33. Scott O says:

    The comb over must take at least a half hour. It’s easy to make jokes but it’s depressing that our country has come to this.

  34. Jake says:
  35. Daryl and his brother Darryl says:

    From your link…

    There is also a growing, though little reported, consensus about what created the current economic renaissance: tax cuts, massive deregulation, recalibration of trade policy, tax incentives to bring back offshore capital, and dramatic rises in oil and natural gas production.

    Um…the current economic renaissance? You mean the one that started in 2009 under Obama?
    Please…explain job growth slowing under Dennison during this sudden renaissance?
    No wonder you are so fuq’d up…reading this kind of nonsense.

  36. Daryl and his brother Darryl says:

    @Scott O:
    I’m going to open a spray tan business.
    I will name it “Executive Time”….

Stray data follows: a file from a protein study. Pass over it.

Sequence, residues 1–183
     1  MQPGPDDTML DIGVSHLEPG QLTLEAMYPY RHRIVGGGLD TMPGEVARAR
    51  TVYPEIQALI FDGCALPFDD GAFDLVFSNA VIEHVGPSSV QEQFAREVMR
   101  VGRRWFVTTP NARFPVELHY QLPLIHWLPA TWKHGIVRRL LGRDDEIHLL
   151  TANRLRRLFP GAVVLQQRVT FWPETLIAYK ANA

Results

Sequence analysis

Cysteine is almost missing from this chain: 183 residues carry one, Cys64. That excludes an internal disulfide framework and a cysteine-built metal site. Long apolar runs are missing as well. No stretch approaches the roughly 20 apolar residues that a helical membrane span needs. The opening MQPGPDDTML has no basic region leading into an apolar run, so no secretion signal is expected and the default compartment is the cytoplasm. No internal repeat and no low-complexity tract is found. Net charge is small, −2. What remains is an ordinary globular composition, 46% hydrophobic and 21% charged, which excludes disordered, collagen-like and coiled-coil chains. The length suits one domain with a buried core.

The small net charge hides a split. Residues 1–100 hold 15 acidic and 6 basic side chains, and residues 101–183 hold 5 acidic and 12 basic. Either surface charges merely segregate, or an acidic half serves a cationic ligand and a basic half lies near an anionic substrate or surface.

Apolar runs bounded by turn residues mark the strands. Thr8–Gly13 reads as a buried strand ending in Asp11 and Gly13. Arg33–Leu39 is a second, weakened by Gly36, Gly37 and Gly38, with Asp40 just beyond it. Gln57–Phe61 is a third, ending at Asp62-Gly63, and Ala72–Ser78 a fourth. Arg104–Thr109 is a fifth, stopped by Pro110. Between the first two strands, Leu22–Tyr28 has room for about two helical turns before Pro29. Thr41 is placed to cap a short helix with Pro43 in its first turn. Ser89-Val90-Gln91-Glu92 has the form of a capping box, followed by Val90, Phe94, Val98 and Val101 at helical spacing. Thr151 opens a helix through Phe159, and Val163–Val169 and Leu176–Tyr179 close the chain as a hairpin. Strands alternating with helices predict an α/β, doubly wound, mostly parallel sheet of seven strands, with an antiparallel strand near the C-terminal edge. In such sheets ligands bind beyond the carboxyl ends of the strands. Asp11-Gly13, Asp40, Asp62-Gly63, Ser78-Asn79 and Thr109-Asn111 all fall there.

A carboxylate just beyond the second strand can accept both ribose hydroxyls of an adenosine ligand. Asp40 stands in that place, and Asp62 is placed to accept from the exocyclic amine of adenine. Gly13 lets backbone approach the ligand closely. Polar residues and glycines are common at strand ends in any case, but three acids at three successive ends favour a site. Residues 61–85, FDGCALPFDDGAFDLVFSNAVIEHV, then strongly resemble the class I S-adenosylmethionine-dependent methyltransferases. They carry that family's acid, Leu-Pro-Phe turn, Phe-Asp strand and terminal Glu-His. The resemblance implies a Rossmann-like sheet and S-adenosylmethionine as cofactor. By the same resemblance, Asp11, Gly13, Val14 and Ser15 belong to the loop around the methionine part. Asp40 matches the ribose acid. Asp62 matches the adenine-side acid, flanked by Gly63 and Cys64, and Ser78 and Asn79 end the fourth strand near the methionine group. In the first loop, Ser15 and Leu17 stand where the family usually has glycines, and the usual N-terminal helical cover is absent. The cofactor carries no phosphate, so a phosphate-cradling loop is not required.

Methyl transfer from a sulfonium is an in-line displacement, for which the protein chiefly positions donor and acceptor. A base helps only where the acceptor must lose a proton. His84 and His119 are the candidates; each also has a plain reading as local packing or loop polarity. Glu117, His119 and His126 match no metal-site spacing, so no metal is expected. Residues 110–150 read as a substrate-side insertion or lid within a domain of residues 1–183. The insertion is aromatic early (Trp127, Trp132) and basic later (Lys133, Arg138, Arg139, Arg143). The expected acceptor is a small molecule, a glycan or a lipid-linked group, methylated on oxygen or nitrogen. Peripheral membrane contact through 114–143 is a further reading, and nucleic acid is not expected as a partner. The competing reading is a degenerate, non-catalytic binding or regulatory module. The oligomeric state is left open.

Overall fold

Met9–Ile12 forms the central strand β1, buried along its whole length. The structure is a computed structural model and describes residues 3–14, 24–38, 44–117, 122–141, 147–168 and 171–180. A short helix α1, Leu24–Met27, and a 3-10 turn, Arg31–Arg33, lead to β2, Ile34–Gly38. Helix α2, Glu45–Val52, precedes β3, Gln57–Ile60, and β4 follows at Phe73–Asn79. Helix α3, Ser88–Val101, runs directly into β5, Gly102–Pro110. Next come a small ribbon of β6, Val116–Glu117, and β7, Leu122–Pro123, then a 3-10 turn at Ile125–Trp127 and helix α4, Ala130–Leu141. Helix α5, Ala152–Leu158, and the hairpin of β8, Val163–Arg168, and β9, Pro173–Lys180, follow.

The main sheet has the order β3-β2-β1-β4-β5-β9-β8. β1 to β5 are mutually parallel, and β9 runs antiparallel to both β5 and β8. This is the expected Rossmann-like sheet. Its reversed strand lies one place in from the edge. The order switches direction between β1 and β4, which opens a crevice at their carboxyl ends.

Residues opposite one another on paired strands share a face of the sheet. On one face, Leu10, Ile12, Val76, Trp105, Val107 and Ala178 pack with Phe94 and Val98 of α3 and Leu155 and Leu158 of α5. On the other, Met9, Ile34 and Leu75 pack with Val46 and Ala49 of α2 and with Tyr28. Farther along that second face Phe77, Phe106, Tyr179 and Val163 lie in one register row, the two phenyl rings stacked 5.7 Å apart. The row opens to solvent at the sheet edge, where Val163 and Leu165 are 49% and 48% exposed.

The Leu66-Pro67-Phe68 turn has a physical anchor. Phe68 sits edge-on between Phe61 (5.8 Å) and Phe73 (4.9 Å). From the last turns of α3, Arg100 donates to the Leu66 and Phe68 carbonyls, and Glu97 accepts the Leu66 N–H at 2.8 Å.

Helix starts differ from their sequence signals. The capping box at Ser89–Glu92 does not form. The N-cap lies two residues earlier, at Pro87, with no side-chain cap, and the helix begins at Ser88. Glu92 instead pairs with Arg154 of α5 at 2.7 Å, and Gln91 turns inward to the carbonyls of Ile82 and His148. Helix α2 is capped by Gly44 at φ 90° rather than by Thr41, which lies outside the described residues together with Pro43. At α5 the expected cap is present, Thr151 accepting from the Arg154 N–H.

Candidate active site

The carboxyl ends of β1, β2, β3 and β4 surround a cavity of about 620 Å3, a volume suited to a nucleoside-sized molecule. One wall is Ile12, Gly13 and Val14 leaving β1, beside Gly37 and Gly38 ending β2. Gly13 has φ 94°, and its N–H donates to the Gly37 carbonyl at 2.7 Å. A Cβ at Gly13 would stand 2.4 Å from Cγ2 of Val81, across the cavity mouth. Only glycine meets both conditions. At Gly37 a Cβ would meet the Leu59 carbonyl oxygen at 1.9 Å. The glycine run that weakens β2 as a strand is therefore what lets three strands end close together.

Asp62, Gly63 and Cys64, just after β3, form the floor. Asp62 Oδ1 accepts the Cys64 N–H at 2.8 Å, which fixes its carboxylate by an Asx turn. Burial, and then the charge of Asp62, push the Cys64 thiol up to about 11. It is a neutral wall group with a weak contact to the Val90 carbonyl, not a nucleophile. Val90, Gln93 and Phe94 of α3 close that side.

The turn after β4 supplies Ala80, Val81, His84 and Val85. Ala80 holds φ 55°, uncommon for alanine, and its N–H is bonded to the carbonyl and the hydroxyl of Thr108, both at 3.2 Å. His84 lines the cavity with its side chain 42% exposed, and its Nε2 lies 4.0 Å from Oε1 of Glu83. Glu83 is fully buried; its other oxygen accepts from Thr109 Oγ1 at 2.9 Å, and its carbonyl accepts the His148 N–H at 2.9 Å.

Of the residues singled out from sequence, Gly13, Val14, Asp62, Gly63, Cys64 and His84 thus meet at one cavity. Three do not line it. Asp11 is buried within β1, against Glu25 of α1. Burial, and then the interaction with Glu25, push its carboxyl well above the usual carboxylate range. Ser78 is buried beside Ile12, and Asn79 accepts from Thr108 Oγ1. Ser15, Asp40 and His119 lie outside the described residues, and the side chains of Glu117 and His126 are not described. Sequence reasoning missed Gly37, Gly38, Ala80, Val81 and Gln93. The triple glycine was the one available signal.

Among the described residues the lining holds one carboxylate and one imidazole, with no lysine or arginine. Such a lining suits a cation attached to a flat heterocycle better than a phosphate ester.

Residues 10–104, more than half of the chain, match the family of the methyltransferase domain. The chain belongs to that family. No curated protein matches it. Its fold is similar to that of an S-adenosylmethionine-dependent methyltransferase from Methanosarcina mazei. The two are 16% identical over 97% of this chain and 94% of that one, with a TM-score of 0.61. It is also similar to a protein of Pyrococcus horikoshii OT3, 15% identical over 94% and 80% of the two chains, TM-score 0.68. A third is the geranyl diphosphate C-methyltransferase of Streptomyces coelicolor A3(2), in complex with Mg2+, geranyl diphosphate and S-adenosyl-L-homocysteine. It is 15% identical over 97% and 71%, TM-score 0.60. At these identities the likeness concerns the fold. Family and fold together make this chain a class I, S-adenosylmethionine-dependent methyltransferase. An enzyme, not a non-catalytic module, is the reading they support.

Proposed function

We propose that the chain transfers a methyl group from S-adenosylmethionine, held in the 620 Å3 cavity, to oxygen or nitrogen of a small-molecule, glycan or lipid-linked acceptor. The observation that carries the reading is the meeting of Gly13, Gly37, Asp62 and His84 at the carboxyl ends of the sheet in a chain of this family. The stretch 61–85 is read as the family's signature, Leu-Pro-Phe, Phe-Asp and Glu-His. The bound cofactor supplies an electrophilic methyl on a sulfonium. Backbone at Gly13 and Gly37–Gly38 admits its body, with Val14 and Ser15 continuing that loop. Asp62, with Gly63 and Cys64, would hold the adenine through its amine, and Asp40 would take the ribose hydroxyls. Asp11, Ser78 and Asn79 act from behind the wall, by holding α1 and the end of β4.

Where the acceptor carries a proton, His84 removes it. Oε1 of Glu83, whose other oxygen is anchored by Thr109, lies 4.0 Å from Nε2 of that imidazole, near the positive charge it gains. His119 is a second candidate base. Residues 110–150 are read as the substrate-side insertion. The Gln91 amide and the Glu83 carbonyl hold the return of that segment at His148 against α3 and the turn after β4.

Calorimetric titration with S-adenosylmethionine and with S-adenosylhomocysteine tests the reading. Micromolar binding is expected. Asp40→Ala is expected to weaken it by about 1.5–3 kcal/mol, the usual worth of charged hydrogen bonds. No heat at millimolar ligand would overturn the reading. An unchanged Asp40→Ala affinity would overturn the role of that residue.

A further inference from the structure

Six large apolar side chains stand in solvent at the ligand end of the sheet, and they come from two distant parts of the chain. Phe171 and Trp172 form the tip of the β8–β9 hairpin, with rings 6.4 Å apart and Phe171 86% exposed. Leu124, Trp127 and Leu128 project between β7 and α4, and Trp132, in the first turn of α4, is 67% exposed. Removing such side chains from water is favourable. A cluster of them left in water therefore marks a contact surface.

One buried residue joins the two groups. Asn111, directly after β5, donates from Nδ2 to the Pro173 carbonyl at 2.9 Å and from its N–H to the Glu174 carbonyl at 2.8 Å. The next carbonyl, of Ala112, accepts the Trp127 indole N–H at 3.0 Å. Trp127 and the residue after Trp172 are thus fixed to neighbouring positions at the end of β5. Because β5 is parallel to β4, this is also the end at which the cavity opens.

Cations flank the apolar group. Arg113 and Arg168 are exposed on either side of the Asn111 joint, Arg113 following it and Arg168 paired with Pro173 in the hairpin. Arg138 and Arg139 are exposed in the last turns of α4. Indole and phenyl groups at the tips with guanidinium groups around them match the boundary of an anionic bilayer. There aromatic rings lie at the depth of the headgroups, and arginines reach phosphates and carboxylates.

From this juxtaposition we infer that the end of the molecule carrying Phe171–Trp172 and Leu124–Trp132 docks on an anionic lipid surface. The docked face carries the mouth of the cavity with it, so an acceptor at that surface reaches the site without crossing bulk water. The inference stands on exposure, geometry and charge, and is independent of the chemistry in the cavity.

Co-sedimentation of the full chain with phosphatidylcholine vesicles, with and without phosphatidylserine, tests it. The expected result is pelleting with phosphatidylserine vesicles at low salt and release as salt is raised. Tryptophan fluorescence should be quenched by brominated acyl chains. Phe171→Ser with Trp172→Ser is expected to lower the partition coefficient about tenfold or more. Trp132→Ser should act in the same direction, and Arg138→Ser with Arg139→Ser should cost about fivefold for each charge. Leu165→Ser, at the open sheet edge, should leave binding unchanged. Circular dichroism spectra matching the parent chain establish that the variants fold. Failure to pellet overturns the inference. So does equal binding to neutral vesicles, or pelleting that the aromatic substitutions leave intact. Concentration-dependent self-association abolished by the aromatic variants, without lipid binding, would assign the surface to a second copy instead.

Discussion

37. Daryl and his brother Darryl says:

    @Daryl and his brother Darryl:
    Sorry…I think I confused you for someone else…

  38. Facebones says:

    @Michael Reynolds:

    He was elected by people who think the solution to every problem starts with, “Why don’t they just. . .” He is the Cliff Claven of politics, the know-it-all ignoramus at the end of the bar.

    That drives me crazy. Like no one ever thought of the grade-school solutions they propose.

    Oh, the answer to 5000 years of sectarian violence in the middle east is just have then talk to each other? Wow, literally no one ever thought of that!

    Oh, we can solve the deficit by cutting out “waste?” Unless your definition of waste is Granny’s social security and medicare, then no we can’t.

    Go tweet your bullcrap answers and then make me a latte, Howie.

  39. Michael Reynolds says:

    Hey, why don’t they just invent faster than light travel? Huh? Problems solved, but no, the big oil companies don’t want that.